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Watershed Assessment Highlights

Watershed Assessment


News & Announcements

New! The Department announces the availability of the 2016 Strategic Monitoring Plans. These plans represent the water quality and biological monitoring being done by the Department in preparation for basin assessments as part of the watershed management approach.

The Watershed Assessment program has developed the 2016 Strategic Monitoring Plans to assist in assessing the health of surface waters by conducting hydrological and biological watershed-based monitoring activities. These activities are carried out by seven Regional Operation Center (ROC) offices located throughout the Department’s six District offices and by staff in Tallahassee.  This extensive monitoring effort is accomplished through strong coordination with water management districts, city and county governments.  

New! Draft Lists of Assessments in the Group 3 (Cycle 3) Basins for the Verified List of Impaired Waters, Delist, Study, and Natural Background Lists  

The Department announces the availability of the DRAFT lists of assessments for waterbodies and water segments within the Group 3 Basins: Caloosahatchee, Choctawhatchee – St. Andrews, Lake Worth Lagoon – Palm Beach Coast, Sarasota Bay – Peace Myakka, and Upper St. Johns. These lists will be presented at a series of public meetings in January and February.

 REVISED Lists of Assessments in the Group 2 (Cycle 3) Basins for the Verified List of Impaired Waters, Delist, and Study Lists

The Department announces the  availability (08/24/15) of the REVISED lists of assessments for waterbodies and water segments within the Group 2 Basins: Apalachicola-Chipola River, Charlotte Harbor, Lower St. Johns River, Middle St. Johns River, St. Lucie – Loxahatchee, and Tampa Bay Tributaries.

The Department Announces the Guidance on Developing Restoration Plans as Alternatives to TMDLs

The Department encourages stakeholders (including state agencies and local governments) to seek 4b assessments or 4e assessments by submitting documentation in support of assessment category 4b or 4e. For this designation, documentation will be required to demonstrate reasonable progress that the proposed projects or programs will restore an impaired waterbody.

Blue Springs Run near the confluence with the St. Johns River2014 Integrated Water Quality Assessment for Florida 

The Department is pleased to announce the publication of the 2014 Integrated Water Quality Assessment Report for Florida. This report represents one of the most comprehensive data collection efforts in the nation and provides the reader with substantial information regarding the quality of our waters. These comprehensive analyses are made possible by the support of the citizens of Florida, who agree that our waterbodies are a central part of our state’s culture and heritage. ;This report includes contributions from monitoring efforts at all levels – by government, universities, volunteer groups, and individuals – resulting in substantially more monitoring statio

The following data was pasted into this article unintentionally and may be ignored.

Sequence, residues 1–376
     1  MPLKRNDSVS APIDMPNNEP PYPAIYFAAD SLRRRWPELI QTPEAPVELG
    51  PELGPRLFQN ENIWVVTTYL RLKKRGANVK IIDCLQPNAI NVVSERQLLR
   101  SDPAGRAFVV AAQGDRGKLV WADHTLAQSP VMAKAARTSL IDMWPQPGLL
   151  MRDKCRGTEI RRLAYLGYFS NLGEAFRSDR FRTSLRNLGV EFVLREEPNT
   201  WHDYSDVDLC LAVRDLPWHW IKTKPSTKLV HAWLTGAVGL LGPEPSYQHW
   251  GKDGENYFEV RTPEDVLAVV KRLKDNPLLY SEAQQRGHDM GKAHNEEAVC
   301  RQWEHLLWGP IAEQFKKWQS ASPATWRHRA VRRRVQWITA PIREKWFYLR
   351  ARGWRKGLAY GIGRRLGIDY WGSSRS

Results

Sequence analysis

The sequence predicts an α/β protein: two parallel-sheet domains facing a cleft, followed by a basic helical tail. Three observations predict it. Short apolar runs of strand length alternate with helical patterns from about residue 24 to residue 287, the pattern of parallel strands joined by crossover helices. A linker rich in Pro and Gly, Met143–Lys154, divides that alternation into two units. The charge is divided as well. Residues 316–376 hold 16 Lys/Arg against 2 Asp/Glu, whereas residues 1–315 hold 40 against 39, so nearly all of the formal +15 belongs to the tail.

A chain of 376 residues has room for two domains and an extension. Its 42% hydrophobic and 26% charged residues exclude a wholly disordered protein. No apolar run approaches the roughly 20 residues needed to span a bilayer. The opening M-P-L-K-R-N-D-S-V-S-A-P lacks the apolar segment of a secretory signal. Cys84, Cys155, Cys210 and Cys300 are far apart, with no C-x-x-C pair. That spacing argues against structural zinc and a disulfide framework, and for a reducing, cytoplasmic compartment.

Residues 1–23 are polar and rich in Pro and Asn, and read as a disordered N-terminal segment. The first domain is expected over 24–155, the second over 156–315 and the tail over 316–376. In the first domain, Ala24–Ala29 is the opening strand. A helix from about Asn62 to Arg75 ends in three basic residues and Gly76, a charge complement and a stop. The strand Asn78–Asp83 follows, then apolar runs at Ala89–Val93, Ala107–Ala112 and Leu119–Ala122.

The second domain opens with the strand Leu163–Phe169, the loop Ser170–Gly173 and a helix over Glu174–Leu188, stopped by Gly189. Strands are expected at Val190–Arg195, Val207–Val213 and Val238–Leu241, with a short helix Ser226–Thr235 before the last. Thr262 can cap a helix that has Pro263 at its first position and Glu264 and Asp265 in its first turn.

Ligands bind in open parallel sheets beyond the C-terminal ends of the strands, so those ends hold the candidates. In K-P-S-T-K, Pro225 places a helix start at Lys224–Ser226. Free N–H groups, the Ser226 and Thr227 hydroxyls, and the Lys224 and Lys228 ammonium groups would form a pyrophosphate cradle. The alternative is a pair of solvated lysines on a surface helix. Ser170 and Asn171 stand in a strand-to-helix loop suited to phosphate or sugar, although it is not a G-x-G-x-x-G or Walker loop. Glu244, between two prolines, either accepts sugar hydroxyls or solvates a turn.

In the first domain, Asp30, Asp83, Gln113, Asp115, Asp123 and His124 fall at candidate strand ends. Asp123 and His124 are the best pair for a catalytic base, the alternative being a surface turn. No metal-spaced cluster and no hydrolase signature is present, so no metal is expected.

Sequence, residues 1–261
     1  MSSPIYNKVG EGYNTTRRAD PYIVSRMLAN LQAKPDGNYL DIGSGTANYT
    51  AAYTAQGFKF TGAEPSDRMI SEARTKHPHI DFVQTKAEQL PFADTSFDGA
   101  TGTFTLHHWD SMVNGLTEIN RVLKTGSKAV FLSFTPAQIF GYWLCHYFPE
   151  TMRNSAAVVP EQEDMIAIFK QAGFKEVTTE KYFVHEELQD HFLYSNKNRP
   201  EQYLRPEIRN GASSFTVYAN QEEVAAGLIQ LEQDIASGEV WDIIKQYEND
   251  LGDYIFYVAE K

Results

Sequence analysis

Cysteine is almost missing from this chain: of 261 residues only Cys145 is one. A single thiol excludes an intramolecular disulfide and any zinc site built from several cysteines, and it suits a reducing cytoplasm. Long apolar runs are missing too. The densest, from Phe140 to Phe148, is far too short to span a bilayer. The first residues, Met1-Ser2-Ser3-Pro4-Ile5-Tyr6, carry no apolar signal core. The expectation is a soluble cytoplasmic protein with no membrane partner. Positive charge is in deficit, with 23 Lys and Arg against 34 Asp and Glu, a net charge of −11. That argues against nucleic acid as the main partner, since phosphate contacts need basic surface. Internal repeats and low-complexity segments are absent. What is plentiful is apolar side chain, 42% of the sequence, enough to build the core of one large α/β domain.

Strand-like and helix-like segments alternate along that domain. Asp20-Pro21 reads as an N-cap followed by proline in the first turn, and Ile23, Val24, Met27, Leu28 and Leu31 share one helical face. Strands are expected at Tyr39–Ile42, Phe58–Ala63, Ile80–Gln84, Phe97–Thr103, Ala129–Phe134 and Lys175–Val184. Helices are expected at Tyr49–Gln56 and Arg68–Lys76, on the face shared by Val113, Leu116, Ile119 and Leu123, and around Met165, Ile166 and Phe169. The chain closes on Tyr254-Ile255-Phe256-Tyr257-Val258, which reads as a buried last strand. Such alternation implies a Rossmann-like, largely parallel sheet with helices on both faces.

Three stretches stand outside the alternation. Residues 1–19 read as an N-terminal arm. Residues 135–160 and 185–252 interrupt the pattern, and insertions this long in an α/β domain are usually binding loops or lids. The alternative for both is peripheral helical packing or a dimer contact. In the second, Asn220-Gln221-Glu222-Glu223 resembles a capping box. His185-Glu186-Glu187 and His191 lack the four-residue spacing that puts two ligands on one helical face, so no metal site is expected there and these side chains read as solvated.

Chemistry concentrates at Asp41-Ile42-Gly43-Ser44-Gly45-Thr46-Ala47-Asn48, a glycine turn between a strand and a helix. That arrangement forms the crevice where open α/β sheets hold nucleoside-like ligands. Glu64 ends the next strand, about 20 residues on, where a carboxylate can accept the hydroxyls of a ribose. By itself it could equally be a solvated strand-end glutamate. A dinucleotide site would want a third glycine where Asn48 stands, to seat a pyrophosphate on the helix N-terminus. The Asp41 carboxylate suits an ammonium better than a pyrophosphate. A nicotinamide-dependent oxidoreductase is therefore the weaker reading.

ns and water quality data than any other state in the nation. More than 30% of the nutrient data for the nation comes from Florida waters. In fact, 25% of the nation’s ambient water quality monitoring stations (more than 41,000) are located within Florida.

This large amount of water quality data is used annually for the assessment of waterbody health by means of a comprehensive stepwise approach. Hundreds of assessments are conducted each year. Additionally, as part of this report, a statewide water quality condition is presented using an unbiased randomized monitoring design, and water quality trends are reported at 76 separate surface water and 49 ground water stations. These efforts allow us to understand the state’s water conditions, make decisions that further enhance our waterways, and focus our efforts towards to address problems. (Excerpted from the Letter to Floridians)

Florida’s rivers, streams, lakes, estuaries, and coastal waters are spectacularly beautiful. More than that, they are essential natural resources, supplying the water necessary for aquatic life, both large and microscopic; drinking water; recreation; industry; fishing and shellfish harvesting; and agriculture. Florida's multi-billion tourist industry would vanish if our water resources were irreparably degraded.

Protecting these abundant water resource, restoring them when they become damaged because of unmanaged growth and development, and preserving them for the future is your responsibility and ours.

DEP's Divisions of Water Resource Management and Environmental Assessment and Restoration implement a wide range of programs to protect and restore Florida's surface waters. Tour this website and you will find dozens of different strategies and activities underway to benefit water quality. At the heart of these efforts, particularly in identifying water quality problems and establishing clean-up objectives, is the Watershed Assessment program.

For more information, send e-mail to Kevin O'Donnell (Kevin.ODonnell@dep.state.fl.us)

Watershed Assessment
2600 Blair Stone Road - Mail Station 3560
 Tallahassee, FL, 32399-2400
Phone: (850) 245-8433


Frequently Asked Questions


Learn More About DEP's Basins

Impaired Waters Rule (IWR)

Florida's 303(d) List

Assessment Lists

IWR Runs

Strategic Monitoring Plans

Integrated Assessment Water Quality Reports (Large Files 5+ MB)

2014 | 2012 | 2010 | 2008 | 2006

Surface Water Quality Classifications & Standards

Links to Other IWR-Related Resources

Last updated: April 12, 2016

  2600 Blair Stone Road M.S. 3500   Tallahassee, Florida 32399   850-245-8336 (phone) / 850-245-8356 (fax) 
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